HAVE IT YOUR WAY: Taylor Tullos and the staff at Red Zeppelin Pizza offer four ways to enjoy their fare: takeout, drive-thru, delivery service or actually dining at the restaurant. (Photo by Collin Richie)
Explain it anyway you want—busy lifestyles, Baton Rouge gridlock or the swipe-happy habits of millennials—but there’s no question restaurants are seeing a surge in takeout business.
Third-party delivery apps, like market leader Waitr and newcomer UberEats, are a big part of the new reality, but it results from other factors as well, including an increase in weekday corporate catering and more to-go orders placed directly to restaurants. The demand has owners and managers rethinking operations, including where to process takeout orders, how to better train staff and how to change design in future brick-and-mortar locations. The hospitality sector is even mulling issues like how much tips servers or bartenders should expect on to-go orders.
“The takeout business growth has been off the charts,” says City Pork Hospitality Managing Partner Stephen Hightower. “In three years of operations, it’s up about 300 percent. I love it and hate it. It’s something that local operators are talking a lot about these days.”
The upside, of course, is additional sales. At City Pork, to-go orders account for 5% to 8% of overall sales, allowing the two current locations to increase business without giving up seats. Fast-growing Waitr is a large part of that, says Hightower, but City Pork has also seen continued growth in weekday corporate catering and in take home prepared dinners for busy families. Their popular “Take Home Tuesday” is now offered every day of the week.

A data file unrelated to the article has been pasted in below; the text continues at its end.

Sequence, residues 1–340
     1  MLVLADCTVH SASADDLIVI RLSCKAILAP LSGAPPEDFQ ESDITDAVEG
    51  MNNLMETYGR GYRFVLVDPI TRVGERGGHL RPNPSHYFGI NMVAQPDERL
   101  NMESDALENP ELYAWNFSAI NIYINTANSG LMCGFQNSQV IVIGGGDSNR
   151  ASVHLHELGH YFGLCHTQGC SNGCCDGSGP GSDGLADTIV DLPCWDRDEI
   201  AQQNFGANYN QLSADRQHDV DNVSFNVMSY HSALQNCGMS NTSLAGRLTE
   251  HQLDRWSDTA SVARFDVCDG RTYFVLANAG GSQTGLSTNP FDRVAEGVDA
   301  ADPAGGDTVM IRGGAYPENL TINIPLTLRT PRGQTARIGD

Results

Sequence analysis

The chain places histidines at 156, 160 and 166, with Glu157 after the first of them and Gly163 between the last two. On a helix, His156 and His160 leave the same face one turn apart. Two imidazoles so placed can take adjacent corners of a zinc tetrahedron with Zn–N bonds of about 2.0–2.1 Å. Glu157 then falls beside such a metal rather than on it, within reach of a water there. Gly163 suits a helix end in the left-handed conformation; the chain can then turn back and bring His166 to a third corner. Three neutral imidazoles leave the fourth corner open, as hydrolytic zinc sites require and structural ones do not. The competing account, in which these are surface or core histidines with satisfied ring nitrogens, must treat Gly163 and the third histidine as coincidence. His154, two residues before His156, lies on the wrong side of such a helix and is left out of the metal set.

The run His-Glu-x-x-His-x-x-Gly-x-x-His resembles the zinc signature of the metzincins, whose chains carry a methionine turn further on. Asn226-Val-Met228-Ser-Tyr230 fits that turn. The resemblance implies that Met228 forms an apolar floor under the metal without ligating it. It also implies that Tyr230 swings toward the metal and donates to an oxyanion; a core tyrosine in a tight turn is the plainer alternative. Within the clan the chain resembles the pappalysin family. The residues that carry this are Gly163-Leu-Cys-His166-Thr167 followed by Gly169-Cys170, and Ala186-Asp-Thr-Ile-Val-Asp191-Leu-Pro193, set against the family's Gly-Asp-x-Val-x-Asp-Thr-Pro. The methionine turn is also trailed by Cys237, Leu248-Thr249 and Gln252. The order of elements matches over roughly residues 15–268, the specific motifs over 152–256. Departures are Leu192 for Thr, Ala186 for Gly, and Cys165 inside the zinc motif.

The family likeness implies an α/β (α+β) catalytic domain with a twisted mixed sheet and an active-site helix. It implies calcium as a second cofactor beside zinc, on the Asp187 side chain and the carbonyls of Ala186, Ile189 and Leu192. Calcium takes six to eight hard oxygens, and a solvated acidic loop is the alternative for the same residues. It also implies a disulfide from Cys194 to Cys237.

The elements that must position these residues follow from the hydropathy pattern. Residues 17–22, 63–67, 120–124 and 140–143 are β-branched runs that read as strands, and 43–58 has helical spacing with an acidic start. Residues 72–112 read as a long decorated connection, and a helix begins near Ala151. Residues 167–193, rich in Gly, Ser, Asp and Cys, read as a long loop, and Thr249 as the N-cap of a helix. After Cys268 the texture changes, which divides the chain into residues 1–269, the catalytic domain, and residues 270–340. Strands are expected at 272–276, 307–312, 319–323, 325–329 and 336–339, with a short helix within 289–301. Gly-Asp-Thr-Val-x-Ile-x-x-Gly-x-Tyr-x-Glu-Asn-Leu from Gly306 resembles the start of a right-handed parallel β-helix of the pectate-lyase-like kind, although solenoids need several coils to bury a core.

Consequently, Hightower has added staff to the kitchen and counter to handle the increased volume. And with speed and accuracy essential to a successful takeout business, he’s had to retrain staff on double- and triple-checking orders so that the right one gets to the right customer.
(Photo by Collin Richie)
“The takeout business growth has been off the charts. In three years of operations, it’s up about 300 percent. I love it and hate it. It’s something that local operators are talking a lot about these days.”
—STEPHEN HIGHTOWER, managing partner, City Pork Hospitality
National Restaurant Association research shows one-third of consumers say that purchasing takeout is an essential part of their lifestyle. Moreover, 46% of adults and 61% of millennials say an important factor in choosing a table service restaurant is its ability to provide takeout or delivery options.
To-go orders have also increased at Bistro Byronz.
“It’s ramped up dramatically,” says Emelie Kantrow Alton, who co-owns and operates the two Bistro Byronz locations in Baton Rouge and a new concept, Flambee Café. “Everyone’s lives have gotten so busy, that for some people, it’s easier not to sit in a restaurant.”
Bistro Byronz sees 15% of sales through takeout at its Mid City restaurant and almost 14% at its Willow Grove location.
The uptick has Alton rethinking how to incorporate the business line into what is a traditional sit-down model. For example, bartenders at Bistro Byronz are charged with processing both Waitr orders—which come through a Waitr-issued iPad—and traditional call-in orders, but if demand continues, Alton says she could also assign server assistants to handle demand. What matters most, says Alton, is funneling this part of the business to the bar, keeping hostesses free from having to field phone calls as dine-in customers enter the restaurants.